River Scene with Bathers, Cattle and Ruin

River Scene with Bathers, Cattle and Ruin
River Scene with Bathers, Cattle and Ruin
River Scene with Bathers, Cattle and Ruin
The Huntington Library, Art Collections, and Botanical Gardens
title=Credit line
Richard Wilson (1713/14-1782)
River Scene with Bathers, Cattle and Ruin
c.1763-65 (undated)
Oil on canvas
Metric: 91.8 x 145.2 cm
Imperial: 36 1/8 x x 57 1/8 in.
Accession Number
Wilson Online Reference
Before a calm wide river dominated by a domed ancient ruin three male bathers are embarking on or returning from a swim. Birds are grouped in the sky, silhouetted against the bank to the left, next to the tree and below the tower on the right. There are fishermen with rods on the riverbank, mid-left and two groups fishing from boats behind the bathers are drawing in a drag net. The golden rosy back-lighting effects in the sky behind the hills and trees to the right are ethereal. On the right banks of the river a variety of cattle, sheep, a goat and their shadows are masterfully observed.
(Probably commissioned by) Sir John Boyd 1st Bart (1718-1800), Danson Park, Kent; his sale, Peter Coxe, Burrell and Foster, 88, Pall Mall, London, 7 May 1805 (19 or 57); [...] with Frost & Reed; 11 June 1931 with Thomas Agnew & Sons [#J2003]; purchased by the Henry E. Huntington Art Gallery, 6 April 1934
Unsigned; no inscription
Techniques and materials
Off-white ground, moderately thick and smoothly applied. The sky is brought down to the horizon line as often but there are no signs of the usual reserves beneath the trees.
Verso inscriptions
[1] Right vertical stretcher bar, lower corner, inscribed in blue chalk: C845
[1] Upper horizontal member of stretcher, printed label: Thos Agnew and Sons, Ltd | No. 7828 | FINE ARTS PUBLISHERS TO HIS MAJESTY | LONDON | 43, OLD BOND STREET | PICCADILLY, W.
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Related Paintings
P112 View in Windsor Great Park National Museum Wales, Cardiff for compositional similarities
Related Works by Other Artists
J.M.W. Turner, watercolour (T.B. XXXIII-I, Tate, London)
Critical commentary
It has been noted that Wilson demonstrated his classical knowledge by placing the semi-recumbent bather in a pose frequently adopted in representations of ancient water gods, such as the sculptures of Marforio and Nile in Rome, thus blurring the distinction between ancient and modern times and conjuring associations with the classical shepherds who inhabited the mystical realm of Arcadia. Furthermore, as observed by David Solkin, the dominating presence of the Temple of Minerva Medica, a clearly identifiable Roman ruin transposed into a generalised setting reminiscent of the Italian lakes, together with the inclusion of a modern townscape, complete with church spire gives the picture something of the character of a capriccio. It thus introduces an element of temporal change that stands in contrast to the ostensibly timeless Arcadian scene enacted in the foreground.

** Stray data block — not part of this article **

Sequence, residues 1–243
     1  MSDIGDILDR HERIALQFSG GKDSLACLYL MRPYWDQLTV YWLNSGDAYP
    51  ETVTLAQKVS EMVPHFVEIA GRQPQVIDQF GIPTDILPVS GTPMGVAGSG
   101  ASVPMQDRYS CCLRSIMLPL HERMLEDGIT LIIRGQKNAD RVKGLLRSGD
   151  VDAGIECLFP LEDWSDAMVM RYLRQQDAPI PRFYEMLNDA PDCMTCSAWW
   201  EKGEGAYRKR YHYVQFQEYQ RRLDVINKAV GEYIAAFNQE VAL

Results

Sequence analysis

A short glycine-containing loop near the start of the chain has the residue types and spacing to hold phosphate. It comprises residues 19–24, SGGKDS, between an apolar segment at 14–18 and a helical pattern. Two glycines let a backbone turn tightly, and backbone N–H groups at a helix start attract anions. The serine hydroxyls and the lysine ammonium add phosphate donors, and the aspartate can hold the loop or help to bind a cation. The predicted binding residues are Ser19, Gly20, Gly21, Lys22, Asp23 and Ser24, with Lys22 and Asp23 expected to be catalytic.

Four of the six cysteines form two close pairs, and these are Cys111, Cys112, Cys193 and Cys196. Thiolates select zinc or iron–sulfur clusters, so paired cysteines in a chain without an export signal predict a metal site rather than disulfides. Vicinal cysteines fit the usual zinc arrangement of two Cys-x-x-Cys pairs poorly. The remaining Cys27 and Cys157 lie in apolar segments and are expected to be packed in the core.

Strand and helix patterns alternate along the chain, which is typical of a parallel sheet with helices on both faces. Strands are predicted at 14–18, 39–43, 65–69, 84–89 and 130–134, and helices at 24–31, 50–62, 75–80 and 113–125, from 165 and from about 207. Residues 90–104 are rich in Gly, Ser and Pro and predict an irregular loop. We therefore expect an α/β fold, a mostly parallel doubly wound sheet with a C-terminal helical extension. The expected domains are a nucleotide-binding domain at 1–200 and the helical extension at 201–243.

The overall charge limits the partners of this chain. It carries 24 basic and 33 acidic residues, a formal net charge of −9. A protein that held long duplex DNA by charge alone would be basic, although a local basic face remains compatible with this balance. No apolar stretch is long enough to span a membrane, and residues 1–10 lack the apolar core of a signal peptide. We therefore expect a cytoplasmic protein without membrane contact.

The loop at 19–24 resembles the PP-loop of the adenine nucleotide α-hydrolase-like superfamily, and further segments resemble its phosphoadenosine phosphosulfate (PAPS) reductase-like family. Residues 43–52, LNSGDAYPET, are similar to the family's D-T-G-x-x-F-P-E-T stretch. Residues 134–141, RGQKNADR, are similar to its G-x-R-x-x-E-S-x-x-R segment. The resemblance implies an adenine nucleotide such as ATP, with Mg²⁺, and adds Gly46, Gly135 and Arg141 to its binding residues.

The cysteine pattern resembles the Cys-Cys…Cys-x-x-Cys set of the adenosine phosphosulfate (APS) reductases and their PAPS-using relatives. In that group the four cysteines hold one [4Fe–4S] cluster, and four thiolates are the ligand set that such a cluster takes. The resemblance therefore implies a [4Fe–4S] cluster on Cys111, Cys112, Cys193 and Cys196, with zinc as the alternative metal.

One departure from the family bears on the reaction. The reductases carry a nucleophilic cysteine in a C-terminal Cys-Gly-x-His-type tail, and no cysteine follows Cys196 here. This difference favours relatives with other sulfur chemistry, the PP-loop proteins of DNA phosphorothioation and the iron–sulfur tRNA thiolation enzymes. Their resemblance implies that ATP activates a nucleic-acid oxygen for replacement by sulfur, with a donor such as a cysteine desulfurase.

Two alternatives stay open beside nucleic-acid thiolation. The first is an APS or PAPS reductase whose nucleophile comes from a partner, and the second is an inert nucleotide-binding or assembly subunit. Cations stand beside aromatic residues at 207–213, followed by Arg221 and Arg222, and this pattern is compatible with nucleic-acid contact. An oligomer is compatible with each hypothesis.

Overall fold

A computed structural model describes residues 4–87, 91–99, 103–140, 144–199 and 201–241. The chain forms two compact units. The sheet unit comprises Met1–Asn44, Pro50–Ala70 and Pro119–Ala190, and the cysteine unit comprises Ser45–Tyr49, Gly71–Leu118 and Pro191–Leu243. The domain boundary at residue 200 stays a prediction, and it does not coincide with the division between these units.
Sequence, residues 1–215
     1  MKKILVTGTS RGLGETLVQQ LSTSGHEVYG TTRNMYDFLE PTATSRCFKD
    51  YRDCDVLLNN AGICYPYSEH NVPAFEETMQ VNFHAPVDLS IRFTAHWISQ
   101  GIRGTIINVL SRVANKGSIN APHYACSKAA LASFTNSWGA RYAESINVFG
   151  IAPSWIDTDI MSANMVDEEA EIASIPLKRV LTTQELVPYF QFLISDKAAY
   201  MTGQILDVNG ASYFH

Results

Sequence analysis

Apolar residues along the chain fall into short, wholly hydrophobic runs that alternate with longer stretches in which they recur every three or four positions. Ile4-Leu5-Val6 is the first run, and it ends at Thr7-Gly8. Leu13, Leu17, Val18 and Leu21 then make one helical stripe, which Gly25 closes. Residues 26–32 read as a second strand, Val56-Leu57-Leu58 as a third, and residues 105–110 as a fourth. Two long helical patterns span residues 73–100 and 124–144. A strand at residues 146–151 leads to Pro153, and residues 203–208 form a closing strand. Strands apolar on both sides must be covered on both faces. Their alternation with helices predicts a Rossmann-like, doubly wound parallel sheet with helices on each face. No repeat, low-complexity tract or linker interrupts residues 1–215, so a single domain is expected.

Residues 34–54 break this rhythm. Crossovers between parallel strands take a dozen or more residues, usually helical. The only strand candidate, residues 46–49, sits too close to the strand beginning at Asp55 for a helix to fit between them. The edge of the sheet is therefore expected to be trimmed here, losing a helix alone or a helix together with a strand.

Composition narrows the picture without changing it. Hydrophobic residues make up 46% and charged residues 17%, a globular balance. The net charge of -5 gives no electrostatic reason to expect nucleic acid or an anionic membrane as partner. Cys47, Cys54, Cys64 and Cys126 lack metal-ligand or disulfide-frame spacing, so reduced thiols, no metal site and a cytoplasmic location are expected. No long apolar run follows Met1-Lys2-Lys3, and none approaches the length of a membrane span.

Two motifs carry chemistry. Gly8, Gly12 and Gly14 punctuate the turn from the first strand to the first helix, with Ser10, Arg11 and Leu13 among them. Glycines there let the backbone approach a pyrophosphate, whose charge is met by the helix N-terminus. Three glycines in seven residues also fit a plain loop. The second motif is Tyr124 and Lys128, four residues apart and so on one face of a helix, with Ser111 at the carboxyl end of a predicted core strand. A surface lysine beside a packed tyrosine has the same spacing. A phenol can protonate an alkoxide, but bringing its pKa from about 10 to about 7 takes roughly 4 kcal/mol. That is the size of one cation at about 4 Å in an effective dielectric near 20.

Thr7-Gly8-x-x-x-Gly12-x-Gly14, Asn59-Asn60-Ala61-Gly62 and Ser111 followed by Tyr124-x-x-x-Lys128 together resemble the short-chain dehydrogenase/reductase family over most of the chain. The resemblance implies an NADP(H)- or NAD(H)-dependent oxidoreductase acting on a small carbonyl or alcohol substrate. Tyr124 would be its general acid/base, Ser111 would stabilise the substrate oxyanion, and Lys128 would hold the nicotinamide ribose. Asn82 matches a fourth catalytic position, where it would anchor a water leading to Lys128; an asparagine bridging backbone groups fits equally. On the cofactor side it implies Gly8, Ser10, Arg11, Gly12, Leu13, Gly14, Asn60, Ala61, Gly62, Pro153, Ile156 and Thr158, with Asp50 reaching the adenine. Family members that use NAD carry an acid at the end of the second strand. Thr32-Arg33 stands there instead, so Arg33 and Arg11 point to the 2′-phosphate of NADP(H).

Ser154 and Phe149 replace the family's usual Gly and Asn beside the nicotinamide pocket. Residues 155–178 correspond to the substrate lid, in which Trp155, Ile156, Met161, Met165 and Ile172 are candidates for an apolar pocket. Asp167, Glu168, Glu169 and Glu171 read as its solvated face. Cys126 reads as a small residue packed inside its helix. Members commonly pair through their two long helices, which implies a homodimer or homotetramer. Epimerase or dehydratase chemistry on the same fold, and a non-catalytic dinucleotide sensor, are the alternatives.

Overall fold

C.H. Collins Baker, Burlington Magazine, April 1936, p. 165; WGC, p. 213, pl. 99b; R.R. Wark, Ten British Pictures 1740-1840, The Huntington Library, San Marino, 1971, pp. 93-99; S. Bennett and R. Asleson, British Paintings at The Huntington, Yale University Press, 2001, pp. 516-18, cat. 116.
Link to WG Constable Archive Record
More Information
The painting's first owner, Sir John Boyd, was a sugar merchant and vice-chairman of the British East India Company. Made a baronet in 1775, he went on a late Grand Tour in 1775-76 and amassed a large collection of paintings, drawings and antiquities, sold after his death by his son. A Palladian mansion, Danson Hill (now Danson House) was designed for him by Sir Robert Taylor and built from 1763 at Welling, Kent, now in the London Borough of Bexley. It was sold in 1806 to John Johnston of Ballee, County Down.
Displayed in an English carved and gilded plain hollow frame of the later 18th century with alternating acanthus leaf and shield moulding and pin and ribbon twist. The painted area measures 91 x 144.5 cm (35 13/16 x 56 11/16 in.) Good condition overall - the surface is free of any major damage. Glue-lined to a plain-weave linen. The impasto has been flattened as a result of the lining process. The painting was sent to the Getty Center from September 2004 to April 2005 for study and treatment by Mark Leonard. X-radiographs taken then showed numerous minor pentimenti, notably in the tree branches at the upper right corner and in the group of bathers at the lower centre. The profiles of the banks at the water's edge and some of the animals in that area were also moved during the course of painting. The canvas was stretched onto a new stretcher in 2004. Backed in corrugated blue board.
Updated by Compiler
2021-08-26 00:00:00